The hospital’s choice to install Accuray’s state-of-the-art CyberKnife M6™ System strengthens its name as a specialized radiosurgery system that can preform very precise full-body treatments, allowing for an improved patients’ quality of life.
CyberKnife is a radiation machine that treats patients through stereotactic radiosurgery, a noninvasive technique with high-dose radiation precisely aimed from different angles. This system can automatically stay on the specific target independently of patient and tumor movement.
It is currently the world’s only robotic radiosurgery system that does not require surgery, allowing for painless and noninvasive treatment.
“The CyberKnife System is a transformative innovation, changing the face of cancer treatment and enabling clinicians to help their patients live longer, better lives. We’re honored that Winthrop selected our system and want to congratulate the team as they expand their significant clinical expertise to treating patients in Manhattan with the CyberKnife System”, Joshua H. Levine, president and chief executive officer of Accuray said in a press release.
CyberKnife can destroy cancerous and benign tumors with high-dose, highly accurate radiation beams while minimizing collateral damage to healthy tissues, allowing physicians to treat difficult-to-reach tumors and significantly reducing treatment time for the patient as compared to traditional radiation therapy.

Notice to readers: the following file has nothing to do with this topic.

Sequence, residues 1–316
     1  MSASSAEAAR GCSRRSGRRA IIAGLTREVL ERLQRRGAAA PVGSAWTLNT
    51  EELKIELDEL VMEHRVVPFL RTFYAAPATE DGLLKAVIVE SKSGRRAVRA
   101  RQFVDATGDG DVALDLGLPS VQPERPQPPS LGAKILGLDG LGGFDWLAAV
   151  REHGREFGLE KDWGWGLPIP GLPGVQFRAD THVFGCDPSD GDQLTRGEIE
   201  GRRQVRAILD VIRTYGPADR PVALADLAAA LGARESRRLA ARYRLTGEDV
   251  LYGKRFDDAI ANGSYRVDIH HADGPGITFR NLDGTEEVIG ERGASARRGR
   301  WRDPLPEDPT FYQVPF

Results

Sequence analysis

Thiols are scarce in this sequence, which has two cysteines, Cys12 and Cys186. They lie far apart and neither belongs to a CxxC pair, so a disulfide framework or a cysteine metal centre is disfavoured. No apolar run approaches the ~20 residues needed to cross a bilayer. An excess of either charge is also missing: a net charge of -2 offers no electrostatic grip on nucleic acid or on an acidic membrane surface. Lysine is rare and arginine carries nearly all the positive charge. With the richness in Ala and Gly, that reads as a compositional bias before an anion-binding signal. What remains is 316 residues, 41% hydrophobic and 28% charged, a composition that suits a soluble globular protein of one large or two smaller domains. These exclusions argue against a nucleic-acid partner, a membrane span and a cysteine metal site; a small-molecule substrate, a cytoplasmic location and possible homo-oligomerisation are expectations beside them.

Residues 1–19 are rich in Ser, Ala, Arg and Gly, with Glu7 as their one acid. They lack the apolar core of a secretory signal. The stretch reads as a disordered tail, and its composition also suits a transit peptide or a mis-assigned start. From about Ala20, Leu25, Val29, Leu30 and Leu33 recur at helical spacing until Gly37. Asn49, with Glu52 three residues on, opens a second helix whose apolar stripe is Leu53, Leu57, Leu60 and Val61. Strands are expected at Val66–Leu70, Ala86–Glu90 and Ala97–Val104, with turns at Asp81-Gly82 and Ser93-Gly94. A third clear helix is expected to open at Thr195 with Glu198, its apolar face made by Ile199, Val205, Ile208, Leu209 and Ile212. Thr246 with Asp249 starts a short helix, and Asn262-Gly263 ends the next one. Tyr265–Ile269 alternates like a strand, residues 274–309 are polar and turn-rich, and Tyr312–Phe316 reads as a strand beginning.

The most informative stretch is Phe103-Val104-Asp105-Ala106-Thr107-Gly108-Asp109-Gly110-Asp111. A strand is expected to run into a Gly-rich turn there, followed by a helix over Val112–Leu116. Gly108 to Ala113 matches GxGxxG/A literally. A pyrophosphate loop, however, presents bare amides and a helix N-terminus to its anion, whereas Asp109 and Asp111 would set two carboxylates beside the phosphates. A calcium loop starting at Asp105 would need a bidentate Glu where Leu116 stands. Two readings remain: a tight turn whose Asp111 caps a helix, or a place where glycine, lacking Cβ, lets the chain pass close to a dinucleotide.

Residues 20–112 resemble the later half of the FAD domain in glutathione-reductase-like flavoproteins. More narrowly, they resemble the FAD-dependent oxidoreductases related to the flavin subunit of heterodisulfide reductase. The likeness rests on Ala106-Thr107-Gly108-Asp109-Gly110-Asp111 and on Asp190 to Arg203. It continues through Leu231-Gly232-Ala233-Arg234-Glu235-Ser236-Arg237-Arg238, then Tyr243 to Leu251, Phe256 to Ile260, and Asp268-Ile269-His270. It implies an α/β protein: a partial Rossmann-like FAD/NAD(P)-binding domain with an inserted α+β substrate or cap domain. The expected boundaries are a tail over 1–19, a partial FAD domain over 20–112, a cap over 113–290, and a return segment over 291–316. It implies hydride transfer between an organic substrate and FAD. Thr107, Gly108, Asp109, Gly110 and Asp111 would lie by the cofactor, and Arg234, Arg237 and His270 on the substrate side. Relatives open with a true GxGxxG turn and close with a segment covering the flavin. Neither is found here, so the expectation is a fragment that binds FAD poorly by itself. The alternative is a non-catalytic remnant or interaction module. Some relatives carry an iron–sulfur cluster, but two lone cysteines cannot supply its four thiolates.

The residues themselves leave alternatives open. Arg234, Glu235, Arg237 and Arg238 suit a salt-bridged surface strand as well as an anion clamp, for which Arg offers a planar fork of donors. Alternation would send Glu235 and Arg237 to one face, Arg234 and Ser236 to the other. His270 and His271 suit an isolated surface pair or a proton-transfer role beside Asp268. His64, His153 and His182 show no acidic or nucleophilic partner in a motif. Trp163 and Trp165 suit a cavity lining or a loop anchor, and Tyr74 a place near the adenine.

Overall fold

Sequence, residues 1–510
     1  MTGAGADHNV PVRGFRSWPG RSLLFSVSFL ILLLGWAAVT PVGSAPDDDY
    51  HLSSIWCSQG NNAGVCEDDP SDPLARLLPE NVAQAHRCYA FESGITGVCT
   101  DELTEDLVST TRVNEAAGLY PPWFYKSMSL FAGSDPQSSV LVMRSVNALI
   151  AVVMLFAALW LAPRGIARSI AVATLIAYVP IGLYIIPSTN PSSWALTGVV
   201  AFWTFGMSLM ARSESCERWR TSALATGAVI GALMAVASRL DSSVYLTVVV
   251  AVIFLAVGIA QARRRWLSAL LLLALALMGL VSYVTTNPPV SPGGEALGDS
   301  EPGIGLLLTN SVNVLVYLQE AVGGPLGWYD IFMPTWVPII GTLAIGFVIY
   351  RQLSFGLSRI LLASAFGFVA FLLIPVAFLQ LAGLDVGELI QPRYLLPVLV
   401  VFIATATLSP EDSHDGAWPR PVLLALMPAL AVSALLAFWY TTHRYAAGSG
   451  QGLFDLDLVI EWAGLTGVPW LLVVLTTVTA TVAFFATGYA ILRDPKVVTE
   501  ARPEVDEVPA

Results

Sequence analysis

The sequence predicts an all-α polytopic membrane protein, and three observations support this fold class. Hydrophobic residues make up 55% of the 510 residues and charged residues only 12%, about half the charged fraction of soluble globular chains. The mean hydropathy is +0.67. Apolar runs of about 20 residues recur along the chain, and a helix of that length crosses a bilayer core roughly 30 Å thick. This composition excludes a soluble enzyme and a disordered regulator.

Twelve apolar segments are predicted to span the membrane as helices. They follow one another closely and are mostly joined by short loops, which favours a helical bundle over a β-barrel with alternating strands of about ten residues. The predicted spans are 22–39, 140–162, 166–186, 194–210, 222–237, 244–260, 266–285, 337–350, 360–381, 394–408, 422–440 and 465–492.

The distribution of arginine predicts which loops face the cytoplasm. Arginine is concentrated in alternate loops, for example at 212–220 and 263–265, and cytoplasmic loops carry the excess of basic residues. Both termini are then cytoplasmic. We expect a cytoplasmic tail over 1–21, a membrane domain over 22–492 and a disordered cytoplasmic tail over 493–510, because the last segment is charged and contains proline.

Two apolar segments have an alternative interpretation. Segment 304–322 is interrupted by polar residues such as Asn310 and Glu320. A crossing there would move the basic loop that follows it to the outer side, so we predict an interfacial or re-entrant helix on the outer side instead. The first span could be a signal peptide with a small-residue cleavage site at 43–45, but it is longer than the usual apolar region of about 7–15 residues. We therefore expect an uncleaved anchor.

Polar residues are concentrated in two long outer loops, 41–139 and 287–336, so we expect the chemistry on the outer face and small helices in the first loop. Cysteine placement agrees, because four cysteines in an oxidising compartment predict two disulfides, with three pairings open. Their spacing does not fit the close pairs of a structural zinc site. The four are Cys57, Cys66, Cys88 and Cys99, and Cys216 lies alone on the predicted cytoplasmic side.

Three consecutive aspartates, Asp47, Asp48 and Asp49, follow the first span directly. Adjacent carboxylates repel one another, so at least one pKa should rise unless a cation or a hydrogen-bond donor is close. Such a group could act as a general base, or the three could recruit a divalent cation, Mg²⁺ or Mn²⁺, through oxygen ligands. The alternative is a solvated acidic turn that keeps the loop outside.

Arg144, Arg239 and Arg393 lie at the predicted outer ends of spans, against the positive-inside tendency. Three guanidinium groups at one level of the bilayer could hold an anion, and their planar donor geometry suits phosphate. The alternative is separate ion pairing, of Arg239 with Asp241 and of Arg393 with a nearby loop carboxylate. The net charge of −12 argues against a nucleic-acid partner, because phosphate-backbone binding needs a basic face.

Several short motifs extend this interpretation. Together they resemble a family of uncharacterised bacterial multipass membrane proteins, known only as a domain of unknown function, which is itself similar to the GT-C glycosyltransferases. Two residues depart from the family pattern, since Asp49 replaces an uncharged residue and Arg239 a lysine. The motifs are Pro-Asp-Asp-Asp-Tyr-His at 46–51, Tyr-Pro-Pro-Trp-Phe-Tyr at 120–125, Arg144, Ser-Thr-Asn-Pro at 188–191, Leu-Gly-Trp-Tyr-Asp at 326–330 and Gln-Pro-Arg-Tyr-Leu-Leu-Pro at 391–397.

It can be used to treat patients suffering from inoperable or surgically complicated tumors, including prostate, lung, brain, spine, liver, pancreas and kidney tumors.
“The Winthrop team is excited to be the first center in Manhattan to offer patients requiring radiation therapy the option to receive treatment with the CyberKnife System. We saw the considerable benefits the system has provided to our patients in Mineola, so when considering alternatives for our new location, it was an easy choice. We selected the CyberKnife M6 System because it includes the features and precision of the previous model, with the potential to provide faster treatment times and expand access to more patients”, added Jonathan Haas, MD, chief, Division of Radiation Oncology at Winthrop-University Hospital.
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